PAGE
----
House advances bill to limit term of justices and appellate judges
TALLAHASSEE -- Despite an appeal from a former Supreme Court justice, a Florida House committee Thursday approved a controversial bill that would ask voters to impose term limits on state appellate judges and Supreme Court justices.
The measure, HJR 197, was approved by the House Appropriations Committee and, if it passes, could be on the 2016 ballot. It would limit to 12 years anyone who serves on the Florida Supreme Court and appellate courts, although it will allow some long terms if they are appointed to partial terms. No current member of the bench would be affected, and trial-court judges would not face term limits.
The idea is a top priority of state Rep. Richard Corcoran, R-Land O'Lakes, who is the House budget chairman and will be the House speaker in 2017 and 2018, but it is opposed by many legal scholars and judicial advocates.
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Former Supreme Court Justice Major Harding, who served 11 years on the Florida Supreme Court, spoke against the bill and told the story of his former colleague, Stephen Grimes, who left private practice to serve on the Second District Court of Appeal in 1973 and took a $40,000 a year pay cut to do it.
"He indicated to me that had he not had the expectation of devoting his entire judicial life to the judiciary with the hope of retiring when we reach 70, he would never had abandoned the role that he was playing as a member of that law firm,'' Harding said.
Harding said the move to limit the terms of judges will not only discourage people from seeking a court appointment but will diminish the quality of people who serve on the bench.
"I really have a significant fear -- in my conversations with people that served on judicial nominating commissions -- that there are numbers of unqualifed people who are seeking judicial appointments because they unable in the practice of law to make what a judge would make,'' he said.
Corcoran, who has condemned many of the rulings of the Florida Supreme Court, including its recent ruling on redistricting, noted former President Thomas Jefferson strongly believed that no judge should ever serve a life term and believes if legislators and governors have term limits, the judiciary should as well.
He said the governors are appointing people to the bench at younger and younger ages and it has become "a legacy thing for a sitting governor" and the merit retention system, which requires appellate judges to seek voter approval every six years, "is not real accountability."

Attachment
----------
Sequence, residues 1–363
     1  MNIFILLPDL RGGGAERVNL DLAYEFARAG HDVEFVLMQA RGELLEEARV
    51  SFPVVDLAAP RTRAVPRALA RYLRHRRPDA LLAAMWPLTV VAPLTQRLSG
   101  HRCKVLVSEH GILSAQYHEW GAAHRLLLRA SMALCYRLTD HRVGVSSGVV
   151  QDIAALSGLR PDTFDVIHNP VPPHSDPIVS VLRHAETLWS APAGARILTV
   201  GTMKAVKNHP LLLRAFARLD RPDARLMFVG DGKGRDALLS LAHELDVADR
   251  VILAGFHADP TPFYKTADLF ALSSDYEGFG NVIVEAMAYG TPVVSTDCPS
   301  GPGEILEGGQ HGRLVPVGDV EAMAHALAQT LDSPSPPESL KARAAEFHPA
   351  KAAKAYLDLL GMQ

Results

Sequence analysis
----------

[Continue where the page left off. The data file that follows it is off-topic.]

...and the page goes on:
In 2012, Republicans unsuccessfully attempted to defeat three members of the court majority -- R. Fred Lewis, Barbara Pariente and Peggy Quince -- during their merit retention elections. Each of them is on the third six-year term.
State Rep. John Wood, R-Winter Haven, said the amendment was needed to encourage a public debate on the issue. Last summer, called for the impeachment of some of the Supreme Court justices over the redistricting decision that struck down the state's congressional map.
State Rep. Cynthia Stafford, D-Miami, was among the Democrats who opposed the bill.
"There is value in experience and I believe that value will be diminished with term limits."
State Rep. Darryl Rouson, D-St. Petersburg, said he was voting against the bill but recognized that "merit retention is not truly working" and "maybe we need to do a better job of educating the public, of holding judges accountable."\
Progress Florida Executive Director Mark Ferrulo, who runs Florida Access to Justice Project, called the bill "another transparent attempt at a power grab by politicians who want to weaken our courts."
A long-time friend of Corcoran's, Paul Hawkes, has been hired by the appellate court judges to lobby against the bill. Hawkes is a former appellate court judge resigned a lifetime appellate judicial position in 2011 to avoid a trial and possible removal from office over his role in the construction of a lavish new courthouse for the 1st District Court of Appeal, which became known as the Taj Mahal. After leaving the bench, Hawkes became a lobbyist.
The Florida Bar has not formally taken a position yet on the proposed amendment but the members of the Young Lawyers division have said they oppose it.